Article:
Nurses with a BSN who are looking to transition into a leadership or instructional nursing role should consider becoming a nurse educator or nurse administrator. While both roles have certain elements in common, there are a number of distinct differences. Nursing professionals who want an advanced nursing degree should carefully consider what each specialty offers to determine the option best suited to their career goals.
Nurse educators can be found either in a classroom setting or working in practice settings set up within hospitals and research clinics. As mentors, nurses are needed to help prepare new nurses and provide practicing nurses with the knowledge and skills they need to do their jobs well.
Educational Responsibilities of a Nurse Educator
Nurse educators have a broad spectrum of responsibilities. These can include developing nursing curriculum and designing new courses of study, as well as instructing students and evaluating their educational progress. They also monitor the educational process, observing the outcome of the various programs created and implemented. This monitoring process helps ensure that courses achieve their desired outcomes in teaching students, adapting, and making changes as needed. In the clinical setting the nurse educator is responsible for implementing the most current research and standards of care into the clinical practice.
Additional Nurse Educator Responsibilities
Other responsibilities for nursing educators may include engaging in research within various medical settings and participating in panels and discussions hosted by nursing associations. They also speak and present at nursing conferences and may be called on occasionally to write grant proposals and engage in peer reviews. Naturally, due to the advanced nature of their responsibilities, nurse educators must maintain a high level of clinical competency. Some nursing educators engage in part-time teaching while still working in the clinical environment; this allows them to keep pace with the highest levels of clinical knowledge and competency while also assisting the next generation of nurses rising up in the ranks.
Nurse educators teach within their chosen specialties. These specialties include acute care, cardiology, pediatrics, family health, and psychiatric disciplines, among others. By teaching within their specialties, nurse educators are able to impart real-world experiences and knowledge to their students.
Necessary Qualities of a Nurse Educator
The necessary qualities of a nurse educator include being a good communicator, a creative thinker, and an expert in a particular area of instruction. Nurse educators tend to be future-oriented, taking their knowledge of current trends in nursing and envisioning where those trends might lead in the future.
A nurse administrator oversees the management of the nursing staff at medical facilities, clinics, and health care institutions. Responsible for a wide range of areas, administrators focus on the safest and most cost-effective way to get assignments and duties completed. Unlike the nurse educator, the nurse administrator focuses more on strategic management of personnel, patient care, and resources while maintaining and supporting regulating policies.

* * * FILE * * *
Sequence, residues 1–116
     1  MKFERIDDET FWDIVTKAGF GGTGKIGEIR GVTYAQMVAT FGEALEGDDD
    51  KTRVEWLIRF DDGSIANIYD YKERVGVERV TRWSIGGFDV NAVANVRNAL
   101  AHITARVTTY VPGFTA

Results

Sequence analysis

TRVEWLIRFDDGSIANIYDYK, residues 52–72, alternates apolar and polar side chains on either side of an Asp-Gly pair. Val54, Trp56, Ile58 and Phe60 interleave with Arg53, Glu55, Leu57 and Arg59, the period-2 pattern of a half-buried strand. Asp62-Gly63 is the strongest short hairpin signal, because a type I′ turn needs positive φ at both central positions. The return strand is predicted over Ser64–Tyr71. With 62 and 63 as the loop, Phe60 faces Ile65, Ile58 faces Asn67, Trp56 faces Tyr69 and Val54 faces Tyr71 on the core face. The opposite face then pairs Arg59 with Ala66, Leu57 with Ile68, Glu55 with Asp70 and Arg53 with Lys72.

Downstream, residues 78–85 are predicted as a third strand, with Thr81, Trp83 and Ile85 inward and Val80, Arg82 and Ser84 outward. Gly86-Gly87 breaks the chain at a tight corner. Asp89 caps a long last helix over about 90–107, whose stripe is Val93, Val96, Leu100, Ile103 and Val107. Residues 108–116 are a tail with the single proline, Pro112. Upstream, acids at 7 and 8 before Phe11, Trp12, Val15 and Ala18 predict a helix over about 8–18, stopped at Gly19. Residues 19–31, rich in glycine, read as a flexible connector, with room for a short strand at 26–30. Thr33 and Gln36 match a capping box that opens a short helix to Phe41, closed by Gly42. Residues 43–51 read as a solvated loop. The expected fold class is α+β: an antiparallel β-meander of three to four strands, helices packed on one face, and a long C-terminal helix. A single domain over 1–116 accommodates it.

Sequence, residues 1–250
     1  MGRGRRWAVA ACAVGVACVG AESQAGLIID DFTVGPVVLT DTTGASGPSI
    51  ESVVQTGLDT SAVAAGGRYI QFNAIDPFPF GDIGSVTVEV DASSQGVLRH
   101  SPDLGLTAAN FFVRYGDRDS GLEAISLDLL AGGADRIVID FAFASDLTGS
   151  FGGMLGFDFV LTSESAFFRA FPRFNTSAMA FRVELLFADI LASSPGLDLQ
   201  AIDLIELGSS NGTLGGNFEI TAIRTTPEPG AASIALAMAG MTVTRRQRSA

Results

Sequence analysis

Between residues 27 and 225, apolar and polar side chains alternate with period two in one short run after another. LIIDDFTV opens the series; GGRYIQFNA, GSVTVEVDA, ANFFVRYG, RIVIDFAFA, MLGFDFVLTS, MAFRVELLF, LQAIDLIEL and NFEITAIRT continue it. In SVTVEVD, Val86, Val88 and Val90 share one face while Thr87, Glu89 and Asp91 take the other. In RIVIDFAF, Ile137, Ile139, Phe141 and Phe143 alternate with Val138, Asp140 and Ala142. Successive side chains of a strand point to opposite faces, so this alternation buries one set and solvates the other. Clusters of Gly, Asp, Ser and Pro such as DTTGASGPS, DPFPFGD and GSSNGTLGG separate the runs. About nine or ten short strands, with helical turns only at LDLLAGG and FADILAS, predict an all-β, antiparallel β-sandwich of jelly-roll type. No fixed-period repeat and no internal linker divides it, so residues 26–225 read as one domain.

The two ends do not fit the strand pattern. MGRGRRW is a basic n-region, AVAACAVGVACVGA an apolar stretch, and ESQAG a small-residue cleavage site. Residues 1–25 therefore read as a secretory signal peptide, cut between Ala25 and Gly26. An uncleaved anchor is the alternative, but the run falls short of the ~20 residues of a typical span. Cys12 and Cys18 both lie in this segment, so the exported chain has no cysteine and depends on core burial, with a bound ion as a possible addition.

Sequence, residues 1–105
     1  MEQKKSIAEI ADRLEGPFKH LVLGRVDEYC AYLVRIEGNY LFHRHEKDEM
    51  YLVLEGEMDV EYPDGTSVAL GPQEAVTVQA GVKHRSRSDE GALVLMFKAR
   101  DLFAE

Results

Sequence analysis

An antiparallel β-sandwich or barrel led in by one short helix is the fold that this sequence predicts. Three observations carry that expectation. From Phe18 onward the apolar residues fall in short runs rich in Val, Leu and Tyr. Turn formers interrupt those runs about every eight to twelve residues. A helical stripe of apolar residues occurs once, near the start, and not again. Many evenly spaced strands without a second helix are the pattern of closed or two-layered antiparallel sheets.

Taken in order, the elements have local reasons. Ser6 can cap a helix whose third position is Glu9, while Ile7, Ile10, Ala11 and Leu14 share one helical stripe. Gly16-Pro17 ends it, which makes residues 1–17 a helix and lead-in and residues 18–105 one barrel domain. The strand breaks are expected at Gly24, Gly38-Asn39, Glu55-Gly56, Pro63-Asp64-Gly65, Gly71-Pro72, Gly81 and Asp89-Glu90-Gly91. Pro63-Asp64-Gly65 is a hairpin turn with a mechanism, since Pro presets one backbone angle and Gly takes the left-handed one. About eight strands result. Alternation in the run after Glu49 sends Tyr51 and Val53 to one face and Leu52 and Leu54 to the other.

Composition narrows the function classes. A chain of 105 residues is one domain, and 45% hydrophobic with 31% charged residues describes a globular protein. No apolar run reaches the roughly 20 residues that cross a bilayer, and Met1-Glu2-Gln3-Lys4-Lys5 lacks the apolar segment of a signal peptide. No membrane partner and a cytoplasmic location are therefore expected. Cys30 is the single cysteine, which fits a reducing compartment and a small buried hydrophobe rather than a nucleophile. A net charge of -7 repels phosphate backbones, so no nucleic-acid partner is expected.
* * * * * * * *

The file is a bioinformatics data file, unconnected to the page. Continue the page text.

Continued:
Responsibilities of a Nurse Administrator
In addition to the overall management of the nursing staff, a nurse administrator directs a wide range of projects. The nurse administrator oversees the staff, providing reviews when needed and working to ensure all activities are efficiently and safely coordinated. Critical thinking and problem analysis are necessary key skills in the role of nurse administrators.
Important Factors of Nurse Administration
Nurse administrators are often given flexibility in the way they get their jobs done. For example, some positions for nurse administrators require the creation and use of procedures that don't conflict with current policies. For this reason, creative thinking is a definite plus as the nurse administrator has the authority to choose the manner in which the job gets done.
Nurse administrators often operate in two different arenas. They oversee the operations and functions of staff, dealing with personnel issues, and addressing any concerns. At the same time, they are part of the administrative branch of their organization, which means they need to focus their attention on areas that range from financial implications to human resources to protocol compliance.
Differences between Nurse Educators and Nurse Administrators
Nurses interested in bringing their professional expertise to an academic environment may be best suited toward becoming a nurse educator. On the other hand, those interested in more of an organizational slant in their nursing experience might well consider becoming a nurse administrator. The nurse educator will have predominant contact with nursing students, while the nurse administrator will usually have more contact with nursing personnel, as well as patients and medical staff.
Leadership-oriented nurses seeking career advancement should consider either nurse educator or nurse administrator as potential goals. Both paths offer great opportunities and provide nursing professionals with the ability to carve out roles best suited to their skill set. The online Master of Science in Nursing at the University of Saint Mary offers two specializations: Nurse Educator and Nurse Administrator. Whichever path you choose, you can get started at the University of Saint Mary. Click here to learn more.